WASHINGTON — A U.S. review of an updated Chinese-Russian treaty proposal to ban weapons in space finds that it suffers from the same problems that made the original version unacceptable, an American diplomat said.

Ambassador Robert Wood, the U.S. representative to the Conference on Disarmament in Geneva, said Sept. 9 that the United States had completed an in-depth review of the revised treaty, formally known as the “Treaty on Prevention of the Placement of Weapons in Outer Space and of the Threat or Use of Force Against Outer Space Objects” and generally referred to as PPWT. China and Russia had submitted an update to their original 2008 proposal in June.

“According to the U.S. analysis, the draft PPWT, like the earlier 2008 version, remains fundamentally flawed,” Wood said in his prepared remarks for a plenary session of the Conference on Disarmament.

Wood, in his speech, cited a number of issues with the PPWT, including the lack of a verification mechanism and no restrictions on the development and stockpiling of anti-satellite (ASAT) weapons on the ground. That means, he said, a nation “could develop a readily deployable space-based weapons break-out capability” should it decide to withdraw from the treaty.

Neither the original PPWT nor the revised version addresses what Wood called “the most pressing existing threat to outer space systems: terrestrially-based ASAT systems.” While the PPWT bans the placement of weapons in outer space, it does not ban “direct-ascent” ASATs launched from the ground.

China has tested direct-ascent ASATs on several occasions, including one in January 2007 that destroyed a Chinese weather satellite, creating a significant amount of space debris. In July, China carried out a test it claimed to be for a missile defense system, but which U.S. officials, including Wood, believe to have been a “non-destructive” ASAT demonstration.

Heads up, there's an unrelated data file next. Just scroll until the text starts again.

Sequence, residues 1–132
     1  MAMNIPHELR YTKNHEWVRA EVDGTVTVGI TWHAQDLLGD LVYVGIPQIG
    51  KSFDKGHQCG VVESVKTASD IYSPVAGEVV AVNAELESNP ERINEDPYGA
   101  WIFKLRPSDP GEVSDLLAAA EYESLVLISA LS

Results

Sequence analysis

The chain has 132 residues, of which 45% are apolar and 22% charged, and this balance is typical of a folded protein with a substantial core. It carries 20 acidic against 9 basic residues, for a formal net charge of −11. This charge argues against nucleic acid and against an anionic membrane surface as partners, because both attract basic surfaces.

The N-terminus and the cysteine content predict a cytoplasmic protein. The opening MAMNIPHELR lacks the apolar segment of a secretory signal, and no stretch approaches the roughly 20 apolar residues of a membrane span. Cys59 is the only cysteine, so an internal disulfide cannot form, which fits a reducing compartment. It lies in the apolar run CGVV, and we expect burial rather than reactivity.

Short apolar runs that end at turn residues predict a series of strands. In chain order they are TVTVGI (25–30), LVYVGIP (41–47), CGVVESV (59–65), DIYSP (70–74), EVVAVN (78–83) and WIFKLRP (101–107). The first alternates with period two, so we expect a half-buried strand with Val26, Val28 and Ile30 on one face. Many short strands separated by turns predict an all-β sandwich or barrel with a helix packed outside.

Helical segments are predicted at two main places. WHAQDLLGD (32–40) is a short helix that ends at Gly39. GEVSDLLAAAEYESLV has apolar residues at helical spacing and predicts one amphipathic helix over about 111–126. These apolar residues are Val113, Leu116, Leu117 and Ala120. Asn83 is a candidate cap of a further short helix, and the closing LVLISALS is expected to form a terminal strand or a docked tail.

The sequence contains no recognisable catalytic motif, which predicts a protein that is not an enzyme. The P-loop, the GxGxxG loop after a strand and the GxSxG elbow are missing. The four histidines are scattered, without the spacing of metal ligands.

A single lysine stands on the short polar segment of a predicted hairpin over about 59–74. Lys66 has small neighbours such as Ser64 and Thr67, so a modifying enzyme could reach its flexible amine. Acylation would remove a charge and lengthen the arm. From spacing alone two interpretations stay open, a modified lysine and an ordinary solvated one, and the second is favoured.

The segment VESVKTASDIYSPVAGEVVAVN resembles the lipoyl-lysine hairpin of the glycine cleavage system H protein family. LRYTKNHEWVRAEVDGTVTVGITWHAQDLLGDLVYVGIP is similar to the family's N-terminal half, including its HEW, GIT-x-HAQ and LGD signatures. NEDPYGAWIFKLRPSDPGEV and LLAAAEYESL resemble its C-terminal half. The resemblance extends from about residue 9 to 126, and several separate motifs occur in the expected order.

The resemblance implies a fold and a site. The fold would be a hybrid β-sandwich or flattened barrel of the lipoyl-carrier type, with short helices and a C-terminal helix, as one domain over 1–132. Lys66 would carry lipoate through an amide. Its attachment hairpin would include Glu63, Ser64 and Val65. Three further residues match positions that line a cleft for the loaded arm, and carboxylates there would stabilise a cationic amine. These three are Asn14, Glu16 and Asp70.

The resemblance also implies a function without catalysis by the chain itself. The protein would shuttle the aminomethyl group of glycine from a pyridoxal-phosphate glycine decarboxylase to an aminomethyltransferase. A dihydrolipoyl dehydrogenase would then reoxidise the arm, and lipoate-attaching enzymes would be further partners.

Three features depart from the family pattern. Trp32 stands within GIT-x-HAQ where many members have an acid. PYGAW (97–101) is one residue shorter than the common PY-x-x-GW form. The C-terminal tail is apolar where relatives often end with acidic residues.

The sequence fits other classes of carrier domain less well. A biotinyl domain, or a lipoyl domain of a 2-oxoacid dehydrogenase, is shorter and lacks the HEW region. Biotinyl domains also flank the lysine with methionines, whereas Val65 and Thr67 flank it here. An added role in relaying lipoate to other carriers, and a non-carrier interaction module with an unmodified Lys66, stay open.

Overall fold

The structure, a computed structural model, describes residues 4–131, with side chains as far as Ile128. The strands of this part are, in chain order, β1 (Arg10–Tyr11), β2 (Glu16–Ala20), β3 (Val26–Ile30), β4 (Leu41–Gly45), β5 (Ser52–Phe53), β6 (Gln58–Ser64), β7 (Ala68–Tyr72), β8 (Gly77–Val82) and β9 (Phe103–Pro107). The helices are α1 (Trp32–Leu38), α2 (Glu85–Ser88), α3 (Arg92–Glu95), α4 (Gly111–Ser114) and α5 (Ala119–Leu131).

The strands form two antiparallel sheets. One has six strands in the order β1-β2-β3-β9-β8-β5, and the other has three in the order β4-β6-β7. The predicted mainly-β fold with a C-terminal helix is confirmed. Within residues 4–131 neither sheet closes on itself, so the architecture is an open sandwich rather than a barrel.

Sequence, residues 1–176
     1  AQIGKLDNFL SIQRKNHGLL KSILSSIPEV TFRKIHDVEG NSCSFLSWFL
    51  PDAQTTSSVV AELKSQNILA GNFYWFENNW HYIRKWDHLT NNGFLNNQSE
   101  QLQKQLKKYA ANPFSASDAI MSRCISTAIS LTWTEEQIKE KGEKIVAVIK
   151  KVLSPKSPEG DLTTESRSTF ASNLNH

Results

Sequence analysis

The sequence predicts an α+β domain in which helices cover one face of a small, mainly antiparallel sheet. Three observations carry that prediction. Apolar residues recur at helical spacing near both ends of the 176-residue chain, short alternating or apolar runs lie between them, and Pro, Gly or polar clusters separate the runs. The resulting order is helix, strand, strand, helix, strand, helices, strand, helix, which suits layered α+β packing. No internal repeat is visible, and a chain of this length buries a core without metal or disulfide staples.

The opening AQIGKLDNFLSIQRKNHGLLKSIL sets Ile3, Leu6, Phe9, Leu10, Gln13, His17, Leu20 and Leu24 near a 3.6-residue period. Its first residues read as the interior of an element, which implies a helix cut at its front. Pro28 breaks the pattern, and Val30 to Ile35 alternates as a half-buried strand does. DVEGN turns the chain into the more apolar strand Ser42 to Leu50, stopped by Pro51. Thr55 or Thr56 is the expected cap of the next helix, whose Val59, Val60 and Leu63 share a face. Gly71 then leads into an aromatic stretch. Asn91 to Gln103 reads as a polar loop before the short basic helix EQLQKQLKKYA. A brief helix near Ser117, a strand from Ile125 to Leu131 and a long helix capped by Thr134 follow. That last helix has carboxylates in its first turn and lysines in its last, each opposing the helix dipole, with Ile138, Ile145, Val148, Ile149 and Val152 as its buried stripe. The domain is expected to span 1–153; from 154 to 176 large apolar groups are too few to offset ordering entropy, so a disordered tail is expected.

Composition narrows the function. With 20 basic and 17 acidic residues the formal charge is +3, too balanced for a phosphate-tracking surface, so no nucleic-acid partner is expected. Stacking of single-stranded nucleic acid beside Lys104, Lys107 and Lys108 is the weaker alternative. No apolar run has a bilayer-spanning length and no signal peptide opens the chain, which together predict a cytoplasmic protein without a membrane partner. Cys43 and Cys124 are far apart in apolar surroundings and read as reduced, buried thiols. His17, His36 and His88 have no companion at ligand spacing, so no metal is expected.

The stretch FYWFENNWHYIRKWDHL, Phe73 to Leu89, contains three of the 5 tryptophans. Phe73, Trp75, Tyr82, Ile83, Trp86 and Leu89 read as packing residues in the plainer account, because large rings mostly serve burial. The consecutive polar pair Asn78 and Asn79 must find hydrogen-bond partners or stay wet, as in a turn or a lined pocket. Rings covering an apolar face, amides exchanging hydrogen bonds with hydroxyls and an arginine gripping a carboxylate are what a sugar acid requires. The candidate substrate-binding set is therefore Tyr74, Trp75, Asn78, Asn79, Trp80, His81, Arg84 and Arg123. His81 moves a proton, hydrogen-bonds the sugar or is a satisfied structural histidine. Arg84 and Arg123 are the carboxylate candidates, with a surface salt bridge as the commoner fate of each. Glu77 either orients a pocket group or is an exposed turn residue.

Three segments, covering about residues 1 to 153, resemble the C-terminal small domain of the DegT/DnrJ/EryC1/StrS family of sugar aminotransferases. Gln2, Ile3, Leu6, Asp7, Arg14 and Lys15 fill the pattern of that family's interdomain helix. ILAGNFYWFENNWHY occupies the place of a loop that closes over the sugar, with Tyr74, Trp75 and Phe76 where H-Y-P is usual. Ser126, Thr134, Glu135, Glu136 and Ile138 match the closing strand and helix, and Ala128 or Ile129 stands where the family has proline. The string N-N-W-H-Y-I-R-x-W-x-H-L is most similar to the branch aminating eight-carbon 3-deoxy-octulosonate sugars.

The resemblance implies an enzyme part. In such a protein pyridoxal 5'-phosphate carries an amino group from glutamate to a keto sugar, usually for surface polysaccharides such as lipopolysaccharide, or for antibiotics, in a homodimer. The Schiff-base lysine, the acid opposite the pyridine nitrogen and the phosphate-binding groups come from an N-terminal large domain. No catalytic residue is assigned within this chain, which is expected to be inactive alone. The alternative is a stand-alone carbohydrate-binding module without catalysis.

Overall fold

Wood emphasized the use of nonbinding agreements known as transparency and confidence-building mechanisms as a better approach for improving space security. That includes the development of an international code of conduct for outer space activities proposed by the European Union several years ago.

“The United States is willing to consider space arms control proposals and concepts that are equitable, effectively verifiable, and enhance the security of all nations,” Wood said in his remarks. “However, we have not yet seen any legally-binding proposals that meet these criteria.”

Follow Jeff on Twitter: @jeff_foust


Norm Setting for Outer Space

U.S. Should Take a Cold, Hard Look at Space Code of Conduct

Jeff Foust has more than a decade of experience writing about space policy, entrepreneurial ventures and regulatory affairs. In 2001, he established spacetoday.net to aggregate and summarize the day's space-related news stories. In 2003, he started The...